Community: As providers, we should inform ourselves as to what resources are available in the community and how we might become involved. Resource and referral agencies, health departments, schools, Kansas Department for Children and Families offices, county extension offices, and hospitals are good sources for this information. We can then assist families in locating services they need. Since we are observing their child every day, we may be able to counsel a family about a suspected delay in development and let them know whom to contact for a developmental screening.

Program Administration: Reflect on how you feel about children and child care and write policies and procedures. Families could benefit from having written materials so they know what is expected from them and what their provider will or will not do. Policies can remain flexible and changes can be made to policies that are not working. Effective program administration is reflected by activities that recognize each child's individual strengths and weaknesses and the variations of each family, while operating within policy guidelines.

Personnel: In a family child care home, the provider usually works alone and is the only "staff." The provider is the administrator, teacher, cook, nurse, nutritionist, janitor, chauffeur, therapist, and maintenance person. To keep up with these many roles, we should avail ourselves of a variety of training opportunities, enhancing our knowledge of developmentally appropriate practice for young children, as well as other topics such as nutrition and business management. We might observe other family child care homes to increase our expertise and use the Harms-Clifford "Family Day Care Environment Rating Scale" or another tool to assist in planning changes in the environment. As providers, we should know our enrollment capacity and what we can personally handle. It may not always be effective or advantageous to work at full capacity.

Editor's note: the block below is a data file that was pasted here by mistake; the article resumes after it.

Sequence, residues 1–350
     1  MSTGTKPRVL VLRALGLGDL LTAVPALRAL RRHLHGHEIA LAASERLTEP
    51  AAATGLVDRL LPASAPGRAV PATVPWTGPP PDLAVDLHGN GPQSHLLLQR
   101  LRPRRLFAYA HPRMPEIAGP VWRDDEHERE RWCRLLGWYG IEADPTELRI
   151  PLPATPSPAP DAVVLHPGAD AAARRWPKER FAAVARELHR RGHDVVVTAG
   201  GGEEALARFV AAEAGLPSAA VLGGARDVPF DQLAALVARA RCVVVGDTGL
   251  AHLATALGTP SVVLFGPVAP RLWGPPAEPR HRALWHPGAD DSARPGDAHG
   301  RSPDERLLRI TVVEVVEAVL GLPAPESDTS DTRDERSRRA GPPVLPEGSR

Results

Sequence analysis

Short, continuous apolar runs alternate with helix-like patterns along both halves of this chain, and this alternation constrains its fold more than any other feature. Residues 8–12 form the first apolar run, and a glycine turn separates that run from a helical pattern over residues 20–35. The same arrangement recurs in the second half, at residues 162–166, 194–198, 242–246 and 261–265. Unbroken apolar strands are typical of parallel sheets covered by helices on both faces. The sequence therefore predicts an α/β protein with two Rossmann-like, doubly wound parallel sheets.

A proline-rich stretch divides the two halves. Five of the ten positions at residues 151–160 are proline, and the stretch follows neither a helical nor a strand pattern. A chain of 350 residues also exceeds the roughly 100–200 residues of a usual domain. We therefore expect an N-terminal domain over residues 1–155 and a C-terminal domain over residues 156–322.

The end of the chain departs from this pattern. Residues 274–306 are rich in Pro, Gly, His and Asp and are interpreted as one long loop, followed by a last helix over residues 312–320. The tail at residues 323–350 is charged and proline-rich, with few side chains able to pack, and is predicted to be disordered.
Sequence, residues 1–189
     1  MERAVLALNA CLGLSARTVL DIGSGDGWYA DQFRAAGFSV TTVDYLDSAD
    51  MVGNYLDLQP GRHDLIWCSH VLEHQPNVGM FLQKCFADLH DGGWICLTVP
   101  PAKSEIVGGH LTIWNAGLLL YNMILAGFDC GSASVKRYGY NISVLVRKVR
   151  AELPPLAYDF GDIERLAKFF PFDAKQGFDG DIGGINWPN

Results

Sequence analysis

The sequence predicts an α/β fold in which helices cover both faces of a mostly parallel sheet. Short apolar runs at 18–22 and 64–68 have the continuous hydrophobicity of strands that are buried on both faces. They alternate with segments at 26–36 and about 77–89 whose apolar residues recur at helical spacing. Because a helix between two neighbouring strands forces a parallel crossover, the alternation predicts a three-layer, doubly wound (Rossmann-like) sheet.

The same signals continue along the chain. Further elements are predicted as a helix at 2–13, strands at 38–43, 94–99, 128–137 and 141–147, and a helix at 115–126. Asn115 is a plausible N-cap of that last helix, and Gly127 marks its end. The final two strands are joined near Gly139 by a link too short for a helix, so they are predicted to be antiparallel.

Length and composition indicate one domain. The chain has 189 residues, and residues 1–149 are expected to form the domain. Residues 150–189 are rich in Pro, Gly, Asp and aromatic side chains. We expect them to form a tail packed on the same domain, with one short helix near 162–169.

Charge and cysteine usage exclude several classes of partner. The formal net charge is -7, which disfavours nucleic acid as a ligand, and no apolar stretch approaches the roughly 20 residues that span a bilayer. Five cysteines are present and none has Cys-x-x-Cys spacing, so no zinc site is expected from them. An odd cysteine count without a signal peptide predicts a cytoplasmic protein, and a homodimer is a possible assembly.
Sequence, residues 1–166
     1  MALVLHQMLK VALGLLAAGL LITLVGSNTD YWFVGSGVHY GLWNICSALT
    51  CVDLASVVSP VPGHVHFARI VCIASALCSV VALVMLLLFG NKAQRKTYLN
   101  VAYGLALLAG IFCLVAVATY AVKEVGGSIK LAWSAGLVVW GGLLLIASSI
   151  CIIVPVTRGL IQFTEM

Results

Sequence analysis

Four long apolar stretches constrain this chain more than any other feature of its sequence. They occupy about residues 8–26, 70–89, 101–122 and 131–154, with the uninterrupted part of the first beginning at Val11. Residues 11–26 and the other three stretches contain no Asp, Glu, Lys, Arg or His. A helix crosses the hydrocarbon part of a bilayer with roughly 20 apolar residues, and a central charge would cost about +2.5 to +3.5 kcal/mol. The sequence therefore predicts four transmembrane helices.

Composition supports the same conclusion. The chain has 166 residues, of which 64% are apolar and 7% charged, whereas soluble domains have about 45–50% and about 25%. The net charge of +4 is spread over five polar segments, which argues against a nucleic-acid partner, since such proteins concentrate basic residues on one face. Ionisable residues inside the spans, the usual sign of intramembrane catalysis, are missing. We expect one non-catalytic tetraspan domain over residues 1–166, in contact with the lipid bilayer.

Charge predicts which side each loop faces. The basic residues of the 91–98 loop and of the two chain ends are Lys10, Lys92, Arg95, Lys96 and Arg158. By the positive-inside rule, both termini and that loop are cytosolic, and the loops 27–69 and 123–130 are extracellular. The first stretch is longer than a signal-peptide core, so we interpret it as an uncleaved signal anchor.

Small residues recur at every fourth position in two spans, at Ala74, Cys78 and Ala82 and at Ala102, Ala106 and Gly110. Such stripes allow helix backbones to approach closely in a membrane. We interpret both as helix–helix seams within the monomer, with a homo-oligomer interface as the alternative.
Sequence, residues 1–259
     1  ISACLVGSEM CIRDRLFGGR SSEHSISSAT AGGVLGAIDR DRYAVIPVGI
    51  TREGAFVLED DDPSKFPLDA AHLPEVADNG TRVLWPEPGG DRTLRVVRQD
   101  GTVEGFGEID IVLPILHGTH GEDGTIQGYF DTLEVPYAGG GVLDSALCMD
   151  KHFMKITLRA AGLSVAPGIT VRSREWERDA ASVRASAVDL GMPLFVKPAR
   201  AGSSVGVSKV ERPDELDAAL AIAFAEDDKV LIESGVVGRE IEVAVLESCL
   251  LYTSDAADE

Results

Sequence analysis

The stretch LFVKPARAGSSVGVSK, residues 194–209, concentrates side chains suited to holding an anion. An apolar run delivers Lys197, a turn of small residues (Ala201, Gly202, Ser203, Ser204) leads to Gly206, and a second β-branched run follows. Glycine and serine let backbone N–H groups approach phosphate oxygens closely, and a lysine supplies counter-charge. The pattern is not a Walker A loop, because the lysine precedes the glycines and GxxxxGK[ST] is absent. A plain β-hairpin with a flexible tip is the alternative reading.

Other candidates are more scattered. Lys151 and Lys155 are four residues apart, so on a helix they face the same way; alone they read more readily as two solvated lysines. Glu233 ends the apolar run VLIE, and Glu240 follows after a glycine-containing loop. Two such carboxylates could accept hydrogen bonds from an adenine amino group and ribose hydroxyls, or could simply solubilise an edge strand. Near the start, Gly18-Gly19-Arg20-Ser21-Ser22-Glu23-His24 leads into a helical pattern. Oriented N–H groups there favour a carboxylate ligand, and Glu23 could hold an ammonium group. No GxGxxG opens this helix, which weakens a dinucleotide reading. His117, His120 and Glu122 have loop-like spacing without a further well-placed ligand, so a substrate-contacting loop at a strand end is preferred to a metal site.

Doing a self-evaluation can be very helpful. Acquiring national accreditation through the National Association for Family Child Care of a credential as a Child Development Associate would be another way to enhance our abilities and the quality of our care.

Learning Experiences: In a family child care home, children are of mixed ages, which can be challenging in planning daily activities. The needs of each child, their interests, abilities, and temperaments can all be reflected in a program plan. The way a child learns is through experience and imitation of adults and peers. As caregivers, our job is to provide materials and facilitate, allowing each child the freedom to be creative and learn through process, not product. A daily routine of activities is important to the children and providers. Planning a balance of quiet and noisy, large and fine motor, free choice and group activities will provide variety. Flexibility in the schedule is also needed to allow for spontaneous learning experiences.